Home
Archives
«Prev || 1 | 2 | 3 | 4 | 5 || Next»
Posted by: Benjamin
Ezra HaLevi, and the people and organizations quoted on Israeli National News, are in no way associated with peshat.com and views expressed here.

BREAKING NEWS

On returning your right to attach fringe (tzi-tzi's) containing blue strands to your four cornered garments...

Israeli National News
24 Adar Bet 5768, March 31, '08

Hebrew Garments and the Restoration of Biblical Blue
by Ezra HaLevi

(IsraelNN.com) After three days of Purim, Jerusalemites young and old came out of one more night of revelry as Tuesday Night Live focused on Biblical Jewish fashion.

The evening featured Reuven Prager, who pioneered a movement of producing Beged Ivri (Hebrew garb) for Jews who have returned to the Land of Israel, as well as Dr. Ari Greenspan, who has reintroduced the Biblical blue tekhelet dye, used to fulfill the mitzvah (commandment) of tzitzit (fringes placed on four-cornered garments).

"Ever since 135 CE, when Hadrian forbade, under death, the wearing of tzitzit, we have attached our tzitzit to a little garment hidden beneath our gentile attire," Prager told hosts Ari Abramowitz and Jeremy Gimpel. "It became just a zecher (a remembrance)," he said, emphasizing that now that the Jewish people are a sovereign nation in the Land of Israel it behooves us not only to dress like it, but to return to the full observance of the Biblical laws governing Jewish dress.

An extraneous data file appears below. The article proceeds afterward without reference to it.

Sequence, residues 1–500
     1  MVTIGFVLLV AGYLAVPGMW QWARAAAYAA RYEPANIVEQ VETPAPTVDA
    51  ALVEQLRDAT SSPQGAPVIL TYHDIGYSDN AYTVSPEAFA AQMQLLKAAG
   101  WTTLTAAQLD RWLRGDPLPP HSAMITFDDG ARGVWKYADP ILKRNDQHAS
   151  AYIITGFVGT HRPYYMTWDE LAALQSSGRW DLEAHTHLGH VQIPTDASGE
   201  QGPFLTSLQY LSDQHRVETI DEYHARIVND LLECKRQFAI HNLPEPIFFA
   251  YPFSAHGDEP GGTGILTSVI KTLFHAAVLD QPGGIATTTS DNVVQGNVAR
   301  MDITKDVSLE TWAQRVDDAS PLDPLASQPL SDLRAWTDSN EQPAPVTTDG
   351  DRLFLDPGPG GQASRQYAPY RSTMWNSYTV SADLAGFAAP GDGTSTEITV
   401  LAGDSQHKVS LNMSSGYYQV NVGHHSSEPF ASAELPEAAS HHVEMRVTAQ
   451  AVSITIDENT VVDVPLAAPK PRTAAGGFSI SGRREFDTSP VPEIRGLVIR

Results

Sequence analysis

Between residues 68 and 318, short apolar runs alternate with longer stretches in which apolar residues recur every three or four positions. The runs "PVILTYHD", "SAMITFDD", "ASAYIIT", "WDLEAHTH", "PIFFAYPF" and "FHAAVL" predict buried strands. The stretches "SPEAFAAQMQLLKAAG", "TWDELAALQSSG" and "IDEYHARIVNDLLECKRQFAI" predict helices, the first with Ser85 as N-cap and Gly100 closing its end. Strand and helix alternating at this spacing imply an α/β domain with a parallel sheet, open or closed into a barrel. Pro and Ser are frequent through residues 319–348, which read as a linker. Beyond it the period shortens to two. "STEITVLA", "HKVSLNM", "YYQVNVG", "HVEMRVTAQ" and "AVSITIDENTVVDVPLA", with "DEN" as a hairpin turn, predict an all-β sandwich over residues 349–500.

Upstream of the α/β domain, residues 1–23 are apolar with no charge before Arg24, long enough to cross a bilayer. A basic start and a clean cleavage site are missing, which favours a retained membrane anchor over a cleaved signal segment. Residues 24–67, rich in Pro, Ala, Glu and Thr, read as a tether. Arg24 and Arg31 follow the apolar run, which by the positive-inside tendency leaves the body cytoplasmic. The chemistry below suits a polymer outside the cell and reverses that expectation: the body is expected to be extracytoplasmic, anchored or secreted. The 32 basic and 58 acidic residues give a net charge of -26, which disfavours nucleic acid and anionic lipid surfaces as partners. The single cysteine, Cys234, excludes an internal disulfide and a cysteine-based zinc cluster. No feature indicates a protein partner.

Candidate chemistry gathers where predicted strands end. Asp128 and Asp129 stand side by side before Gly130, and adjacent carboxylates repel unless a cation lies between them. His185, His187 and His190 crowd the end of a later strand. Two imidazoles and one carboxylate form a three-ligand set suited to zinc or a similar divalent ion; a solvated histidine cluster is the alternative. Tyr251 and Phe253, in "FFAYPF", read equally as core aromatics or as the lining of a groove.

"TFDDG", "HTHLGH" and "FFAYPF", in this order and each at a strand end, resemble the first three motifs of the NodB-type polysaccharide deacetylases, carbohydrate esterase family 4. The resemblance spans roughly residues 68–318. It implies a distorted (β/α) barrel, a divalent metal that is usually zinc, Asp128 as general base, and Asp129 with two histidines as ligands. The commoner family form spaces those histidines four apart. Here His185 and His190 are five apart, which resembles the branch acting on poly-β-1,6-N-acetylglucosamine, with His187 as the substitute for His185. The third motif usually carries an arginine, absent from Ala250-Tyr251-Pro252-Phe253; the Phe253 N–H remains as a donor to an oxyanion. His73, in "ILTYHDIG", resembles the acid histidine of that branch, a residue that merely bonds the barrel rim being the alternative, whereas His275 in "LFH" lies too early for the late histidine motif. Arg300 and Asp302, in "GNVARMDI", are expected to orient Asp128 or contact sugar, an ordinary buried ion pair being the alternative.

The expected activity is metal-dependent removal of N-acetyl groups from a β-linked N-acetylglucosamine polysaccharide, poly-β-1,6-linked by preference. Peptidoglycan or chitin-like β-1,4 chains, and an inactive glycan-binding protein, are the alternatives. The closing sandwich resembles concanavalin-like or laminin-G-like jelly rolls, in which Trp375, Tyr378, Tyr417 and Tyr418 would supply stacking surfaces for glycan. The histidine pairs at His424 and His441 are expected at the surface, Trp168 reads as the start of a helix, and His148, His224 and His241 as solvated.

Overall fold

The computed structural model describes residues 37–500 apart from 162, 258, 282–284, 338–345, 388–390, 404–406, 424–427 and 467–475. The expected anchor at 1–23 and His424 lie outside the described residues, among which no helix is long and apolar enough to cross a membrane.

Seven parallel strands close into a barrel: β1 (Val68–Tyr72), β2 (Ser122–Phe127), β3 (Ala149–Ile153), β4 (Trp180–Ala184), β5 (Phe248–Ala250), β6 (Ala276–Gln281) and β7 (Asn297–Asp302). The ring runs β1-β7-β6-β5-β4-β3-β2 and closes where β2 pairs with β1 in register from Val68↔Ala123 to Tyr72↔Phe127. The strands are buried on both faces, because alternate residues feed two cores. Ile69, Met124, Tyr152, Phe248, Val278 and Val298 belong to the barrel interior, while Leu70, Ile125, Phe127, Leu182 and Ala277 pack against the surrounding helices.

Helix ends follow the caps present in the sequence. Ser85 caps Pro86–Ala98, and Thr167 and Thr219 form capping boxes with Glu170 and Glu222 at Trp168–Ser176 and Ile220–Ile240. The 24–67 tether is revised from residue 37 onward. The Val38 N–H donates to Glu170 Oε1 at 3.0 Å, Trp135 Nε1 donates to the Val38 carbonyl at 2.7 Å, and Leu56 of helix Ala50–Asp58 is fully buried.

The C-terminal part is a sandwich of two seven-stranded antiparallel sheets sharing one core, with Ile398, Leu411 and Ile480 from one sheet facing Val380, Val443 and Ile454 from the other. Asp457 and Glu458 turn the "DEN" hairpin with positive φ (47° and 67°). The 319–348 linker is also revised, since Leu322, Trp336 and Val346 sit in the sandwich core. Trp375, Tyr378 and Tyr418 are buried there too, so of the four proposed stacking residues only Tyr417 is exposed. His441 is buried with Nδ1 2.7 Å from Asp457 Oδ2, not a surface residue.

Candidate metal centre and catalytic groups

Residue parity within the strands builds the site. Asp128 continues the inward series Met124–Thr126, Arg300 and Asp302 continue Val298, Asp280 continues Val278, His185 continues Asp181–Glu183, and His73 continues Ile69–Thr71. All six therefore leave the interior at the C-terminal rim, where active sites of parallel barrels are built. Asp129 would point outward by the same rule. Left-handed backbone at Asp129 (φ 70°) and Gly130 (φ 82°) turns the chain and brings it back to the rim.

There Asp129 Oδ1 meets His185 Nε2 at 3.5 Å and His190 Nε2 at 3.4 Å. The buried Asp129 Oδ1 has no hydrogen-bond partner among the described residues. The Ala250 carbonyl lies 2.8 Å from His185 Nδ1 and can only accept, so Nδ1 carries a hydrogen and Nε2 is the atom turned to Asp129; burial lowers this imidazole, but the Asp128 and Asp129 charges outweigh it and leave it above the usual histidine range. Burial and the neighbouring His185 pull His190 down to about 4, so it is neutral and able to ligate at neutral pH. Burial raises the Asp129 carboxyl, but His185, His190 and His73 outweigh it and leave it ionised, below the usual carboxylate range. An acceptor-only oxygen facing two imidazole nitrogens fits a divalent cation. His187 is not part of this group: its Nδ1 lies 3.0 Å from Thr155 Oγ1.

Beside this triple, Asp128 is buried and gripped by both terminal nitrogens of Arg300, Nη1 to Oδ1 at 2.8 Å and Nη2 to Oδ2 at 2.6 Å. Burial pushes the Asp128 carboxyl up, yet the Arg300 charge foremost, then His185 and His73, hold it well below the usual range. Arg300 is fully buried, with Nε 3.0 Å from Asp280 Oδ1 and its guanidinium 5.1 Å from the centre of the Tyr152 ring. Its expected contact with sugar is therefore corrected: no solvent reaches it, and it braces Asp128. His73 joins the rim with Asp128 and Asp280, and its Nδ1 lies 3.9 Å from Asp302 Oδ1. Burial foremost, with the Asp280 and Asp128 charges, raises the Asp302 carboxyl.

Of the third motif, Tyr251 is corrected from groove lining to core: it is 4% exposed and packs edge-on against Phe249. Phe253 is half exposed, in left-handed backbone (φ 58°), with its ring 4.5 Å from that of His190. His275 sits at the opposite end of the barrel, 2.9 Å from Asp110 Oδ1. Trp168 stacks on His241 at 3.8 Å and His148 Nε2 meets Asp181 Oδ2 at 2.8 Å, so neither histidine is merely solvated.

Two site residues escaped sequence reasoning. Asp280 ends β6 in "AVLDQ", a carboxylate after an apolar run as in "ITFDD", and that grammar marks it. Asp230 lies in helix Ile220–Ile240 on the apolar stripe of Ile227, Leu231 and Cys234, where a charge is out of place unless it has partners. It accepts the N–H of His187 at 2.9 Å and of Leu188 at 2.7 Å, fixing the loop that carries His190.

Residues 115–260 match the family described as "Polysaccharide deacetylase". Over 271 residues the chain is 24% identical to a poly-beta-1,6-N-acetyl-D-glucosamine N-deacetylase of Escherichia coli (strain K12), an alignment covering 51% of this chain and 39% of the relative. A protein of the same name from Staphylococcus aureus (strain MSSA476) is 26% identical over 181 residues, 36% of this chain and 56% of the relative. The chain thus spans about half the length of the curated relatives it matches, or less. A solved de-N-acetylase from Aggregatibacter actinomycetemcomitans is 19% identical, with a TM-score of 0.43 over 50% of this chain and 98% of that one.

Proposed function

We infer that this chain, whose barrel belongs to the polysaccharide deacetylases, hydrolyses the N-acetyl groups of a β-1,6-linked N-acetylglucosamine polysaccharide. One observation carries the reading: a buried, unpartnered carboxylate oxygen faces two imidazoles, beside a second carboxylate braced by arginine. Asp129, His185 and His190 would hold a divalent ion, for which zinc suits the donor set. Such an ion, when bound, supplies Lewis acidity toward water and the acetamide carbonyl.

Who is Hadrian and under what authority did he forbid the wearing of tzi-tzi's -- a command of YHWH's?

From Wikipedia: Hadrian, "Publius Aelius Traianus Hadrianus (January 24, 76 - July 10, 138 ), known as Hadrian in English, was emperor of Rome from 117 to 138 AD."


Numbers Chapter 15
37 And YHWH spoke unto Moses, saying:
38 'Speak unto the children of Israel, and bid them that they make them throughout their generations fringes in the corners of their garments, and that they put with the fringe of each corner a thread of blue.
39 And it shall be unto you for a fringe, that ye may look upon it, and remember all the commandments of YHWH, and do them; and that ye go not about after your own heart and your own eyes, after which ye use to go astray;
40 that ye may remember and do all My commandments, and be holy unto your God.
41 I am YHWH your God, who brought you out of the land of Egypt, to be your God: I am YHWH your God.'

"A garment is something that you put on when you go outside to protect you from the elements or for the sake of modesty," he explained. "Every Jews would wear a haluk - which our neighbors and cousins, who still wear them, call a jalabiya. It was the Middle Eastern undergarment. An Israelite could be distinguished by his tallit."

» Read More